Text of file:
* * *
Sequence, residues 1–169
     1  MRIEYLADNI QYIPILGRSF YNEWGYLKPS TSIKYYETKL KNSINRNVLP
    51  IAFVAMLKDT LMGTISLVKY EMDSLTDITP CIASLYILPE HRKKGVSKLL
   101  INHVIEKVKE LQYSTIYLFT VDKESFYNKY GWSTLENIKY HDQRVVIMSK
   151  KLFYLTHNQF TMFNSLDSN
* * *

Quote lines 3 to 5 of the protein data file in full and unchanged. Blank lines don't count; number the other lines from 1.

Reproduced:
    51  IAFVAMLKDT LMGTISLVKY EMDSLTDITP CIASLYILPE HRKKGVSKLL
   101  INHVIEKVKE LQYSTIYLFT VDKESFYNKY GWSTLENIKY HDQRVVIMSK
   151  KLFYLTHNQF TMFNSLDSN